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On a mission in The Mission

I am many things: a terrible singer (not that that stopped me from belting Gloria Gaynor’s “I Will Survive” one year in a dingy Koreatown karaoke bar with the particular kind of zeal that comes with a handful of light-up tambourines, one too many cronuts, and good friends), mildly allergic to crustaceans, and unabashedly in love with Zumba classes because I can pretend I’m headlining a Latin pop music video for an hour.

Croissant aficionado and buddy-buddy with my 15 year old cousin? Not so much. We’re not unfriendly, but growing up the six to eight hour drive from L.A. to San Francisco might as well have been an entire ocean. That, and my cousin’s family lived a little ways outside of the city proper, so my experiences with the Bay Area have largely been, well, foggy–always passing through, but never stopping for anything more than a box of “sweetheart cakes” (lou po beng in Cantonese: a dense traditional pastry–the size of a beverage coaster–with a thin, flaky skin filled with candied winter melon paste) from Chinatown or inching our car through the crowds at Fisherman’s Wharf.

So you can imagine the dubious brow that was raised when my uncle gave me a last minute call this past December to ask if I’d be willing to catch the next plane up and help apartment-sit/supervise my cousin while he was out of town. I hemmed and hawed, questioned my ability to play mother hen for 10 days, but eventually came around to the idea–maybe I’d go batty with cabin fever during the week but hey, I’d have the whole weekend to frolic through the city!

Between a complete overhaul of the kitchen–which unearthed a tin of those Danish butter cookies I’d been pining after for ages (they were stale, unfortunately, and disintegrated in my mouth with the vaguely buttery exhale of broken hopes)–and attempting Pilates videos on the living room floor, I whiled away most of the week.

I didn’t have much of a plan for the weekend aside from saying hello to the local Lindy Hop scene and two words: Tartine Bakery. I don’t know where and when I heard the whispers, but ‘one of the best croissants in the Bay Area’ is the kind of information I tend to file away in a brightly illuminated and meticulously annotated section of my brain for future reference.

The future in question came rushing at me that Saturday morning. I couldn’t tell you where to go for the best view of the Golden Gate Bridge* or what makes a quality Mission burrito, but I knew that Tartine was 15 miles away, would take roughly 20 minutes to get to, and opened at 8, so if I planned this one thing my entire weekend, I could beat the morning rush and be tucking into one (or five) of those storied croissants before the neighborhood had even roused itself. I’d set my alarm for 6–in retrospect, proooobably a little extreme, but bakeries are serious business and I’m proud to admit that I made it an early night so I could wake up solely for a croissant–and rolled out of bed into a world where daylight was still an afterthought. I shuffled around the dark apartment readying myself for the day’s adventures, caught a ride into the city, and found myself on a stretch of unremarkable sidewalk a few minutes past 8.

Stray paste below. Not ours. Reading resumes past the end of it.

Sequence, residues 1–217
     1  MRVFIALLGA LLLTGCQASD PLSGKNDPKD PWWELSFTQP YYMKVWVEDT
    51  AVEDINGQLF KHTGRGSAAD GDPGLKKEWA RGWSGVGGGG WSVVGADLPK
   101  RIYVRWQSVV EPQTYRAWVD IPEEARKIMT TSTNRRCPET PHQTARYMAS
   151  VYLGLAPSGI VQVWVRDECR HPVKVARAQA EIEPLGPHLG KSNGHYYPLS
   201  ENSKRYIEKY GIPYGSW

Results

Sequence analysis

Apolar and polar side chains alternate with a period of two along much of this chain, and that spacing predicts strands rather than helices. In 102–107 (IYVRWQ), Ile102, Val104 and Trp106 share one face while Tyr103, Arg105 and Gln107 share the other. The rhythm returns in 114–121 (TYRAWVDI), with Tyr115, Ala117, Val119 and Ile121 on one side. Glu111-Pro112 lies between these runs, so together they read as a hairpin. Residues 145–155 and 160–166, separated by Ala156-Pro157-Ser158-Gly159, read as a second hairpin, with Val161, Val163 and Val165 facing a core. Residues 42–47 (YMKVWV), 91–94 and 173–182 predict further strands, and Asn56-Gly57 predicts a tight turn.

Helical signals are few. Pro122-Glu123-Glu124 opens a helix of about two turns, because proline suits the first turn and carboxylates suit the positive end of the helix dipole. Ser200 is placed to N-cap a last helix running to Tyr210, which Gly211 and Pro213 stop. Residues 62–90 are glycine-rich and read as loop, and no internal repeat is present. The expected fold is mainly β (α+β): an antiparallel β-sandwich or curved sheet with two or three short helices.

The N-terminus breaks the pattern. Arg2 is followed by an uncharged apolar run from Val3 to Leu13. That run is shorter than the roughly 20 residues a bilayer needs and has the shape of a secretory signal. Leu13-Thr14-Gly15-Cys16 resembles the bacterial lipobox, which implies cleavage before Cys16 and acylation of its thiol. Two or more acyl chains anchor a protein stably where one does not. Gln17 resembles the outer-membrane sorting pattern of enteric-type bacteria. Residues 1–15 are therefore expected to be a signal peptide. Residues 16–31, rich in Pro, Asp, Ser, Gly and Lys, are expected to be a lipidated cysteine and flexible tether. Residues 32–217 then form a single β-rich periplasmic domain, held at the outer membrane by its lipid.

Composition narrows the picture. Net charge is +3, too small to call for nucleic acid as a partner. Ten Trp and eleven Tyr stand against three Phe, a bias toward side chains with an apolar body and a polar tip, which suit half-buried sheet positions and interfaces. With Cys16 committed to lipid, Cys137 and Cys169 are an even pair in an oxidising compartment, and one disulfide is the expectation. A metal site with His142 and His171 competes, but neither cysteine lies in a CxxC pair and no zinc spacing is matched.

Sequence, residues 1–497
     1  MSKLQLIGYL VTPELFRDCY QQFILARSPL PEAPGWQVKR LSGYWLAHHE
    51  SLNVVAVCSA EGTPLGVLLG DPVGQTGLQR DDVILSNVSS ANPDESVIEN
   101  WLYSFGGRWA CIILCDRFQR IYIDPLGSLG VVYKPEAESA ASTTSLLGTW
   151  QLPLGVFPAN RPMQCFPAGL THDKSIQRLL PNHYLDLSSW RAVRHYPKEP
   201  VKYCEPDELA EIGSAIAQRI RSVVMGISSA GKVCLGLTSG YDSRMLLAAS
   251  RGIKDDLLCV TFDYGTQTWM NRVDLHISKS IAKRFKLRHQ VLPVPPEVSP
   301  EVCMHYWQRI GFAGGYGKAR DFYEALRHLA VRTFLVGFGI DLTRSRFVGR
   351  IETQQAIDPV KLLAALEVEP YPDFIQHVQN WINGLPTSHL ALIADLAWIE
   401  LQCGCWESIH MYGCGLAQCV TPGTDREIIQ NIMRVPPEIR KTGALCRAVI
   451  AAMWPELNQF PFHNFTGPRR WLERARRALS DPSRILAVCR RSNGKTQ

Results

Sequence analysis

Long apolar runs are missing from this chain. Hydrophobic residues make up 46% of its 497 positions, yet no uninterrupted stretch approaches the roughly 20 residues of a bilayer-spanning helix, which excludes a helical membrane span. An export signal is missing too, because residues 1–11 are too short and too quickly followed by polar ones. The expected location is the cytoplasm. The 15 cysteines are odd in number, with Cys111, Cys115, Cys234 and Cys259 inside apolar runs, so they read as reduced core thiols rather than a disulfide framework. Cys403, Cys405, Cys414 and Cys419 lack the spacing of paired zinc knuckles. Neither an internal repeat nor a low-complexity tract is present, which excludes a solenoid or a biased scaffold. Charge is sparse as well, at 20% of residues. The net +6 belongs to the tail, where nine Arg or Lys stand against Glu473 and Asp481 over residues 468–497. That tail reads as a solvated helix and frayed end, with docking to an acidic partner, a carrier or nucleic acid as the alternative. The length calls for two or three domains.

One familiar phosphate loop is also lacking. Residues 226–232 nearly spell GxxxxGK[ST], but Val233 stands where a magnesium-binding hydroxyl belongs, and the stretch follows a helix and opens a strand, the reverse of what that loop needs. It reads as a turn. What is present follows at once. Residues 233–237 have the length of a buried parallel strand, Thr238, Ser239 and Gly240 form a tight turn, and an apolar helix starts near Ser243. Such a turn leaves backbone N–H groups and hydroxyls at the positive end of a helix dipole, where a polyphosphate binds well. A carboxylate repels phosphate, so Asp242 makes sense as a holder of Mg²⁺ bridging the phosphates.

Well, not quite. It would’ve been unremarkable if not for the line that had already formed in front of a corner storefront, which lacked any identifying signage save for the sheet of paper propped up behind a window that said “Tartine Bakery & Cafe”. We moved at a steady pace, though, and Tartine’s kitchen/bakery operations are visible from the street, so I was plenty distracted watching the whirl of activity happening beyond the glass (not to mention the giant bowl of ganache sitting on a counter right against the window, taunting me).

It’s one thing to have certain expectations about a place with Tartine’s pedigree; it’s another thing entirely to be staring down a glass case filled with sugar-crusted morning buns, glazed soft gingerbread tiles, quiches, cream tarts, and a bevy of other treats, sweet and savory. There were two customers between me and what felt like the Most Important Decision of 2014 and… I panicked. ‘I’ll take a croissant, a cup of bread pudding, a cappuccino, and that’s it!’ That’s. it. In my most critical moment I opted for MODERATION and before I could change my mind and reach for a tray of morning buns and no less than a dozen pain au chocolats, I’d paid and was sitting at a table grinning like a fool.